To the editor: It’s no secret that when President Trump rails against coastal cities for their vast homeless populations, he’s exploiting the urban-rural divide for political purposes. But less obvious, and more painful, is the fact that he’s right.
That’s right: In gleefully shaming the entertainment capital of the world (Los Angeles) and the uber-wealthy heart of the tech empire (San Francisco), Trump knows that despite our vast resources, we urban elites cannot seem to muster the compassion, courage or political will to provide housing for tens of thousand of our fellow citizens.
He knows we’ve grown quite adept at stepping over sleeping human beings on our way to enjoying artisanal small plates and $15 cocktails.
We can rage at Trump’s crude rhetoric all we like, but until we prove we’re better than that, his words will continue to hit a little too close to home.
Anthony Lacques, Los Angeles
To the editor: Trump’s comments about homeless people living on “our best streets” seem to suggest that what bothers him most is not their plight but that he has to look at them.
Any program he might advocate to get people off the street is only to get the homeless out of his sight. He seems entirely unconcerned about the welfare of these people.
Brushing problems under a rug doesn’t solve them. Trump focuses on appearances rather than on substance and root causes. This is his signature, and it will be his legacy.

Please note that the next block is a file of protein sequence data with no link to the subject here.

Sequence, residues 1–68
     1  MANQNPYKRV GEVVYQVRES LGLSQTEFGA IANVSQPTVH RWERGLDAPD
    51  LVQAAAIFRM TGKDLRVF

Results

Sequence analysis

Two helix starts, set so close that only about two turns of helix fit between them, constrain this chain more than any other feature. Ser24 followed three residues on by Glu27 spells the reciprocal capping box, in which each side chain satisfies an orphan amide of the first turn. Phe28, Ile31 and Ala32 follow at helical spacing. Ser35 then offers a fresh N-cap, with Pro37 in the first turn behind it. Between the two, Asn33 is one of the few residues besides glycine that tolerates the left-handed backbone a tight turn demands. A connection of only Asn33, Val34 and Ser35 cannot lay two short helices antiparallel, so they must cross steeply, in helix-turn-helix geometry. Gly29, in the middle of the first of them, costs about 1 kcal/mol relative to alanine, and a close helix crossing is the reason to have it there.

Eric Searcy, Los Angeles
To the editor: Trump’s “solutions” to the homelessness crisis are the same as with other issues: Blame the Democrats, pander to wealthy donors, and appear to be doing something instead of taking any substantive action.
His concern is for the wealthy, not for the tens of thousands of human beings who fell through the cracks and do so at an increasing rate because of his heartless policies.
We know Trump lacks shame for his words and actions, but I hope for their sake that his major donors realize they are listed publicly. We will remember their support for mean-spirited nationalism and plutocracy.
Max Parker, Santa Barbara
To the editor: These words may be hard to hear, but there is no solution to homelessness. Government funds spent to combat it could be better used elsewhere. There is only one place to start with regard to the homeless, and that is education.
For Trump to even tiptoe into California’s homeless crisis is bold but worthless. And yet, his critics complain that he has no plan. No one really does.
California is not alone with a large homeless population. Try visiting Mumbai, New York or Zurich.
You want to help? Cook a nice meal and take it to almost any street corner. Find someone who is hungry and appreciates your gesture. Then go home, and do it again next week. Make it a part of your life.
Brian Miller, Los Angeles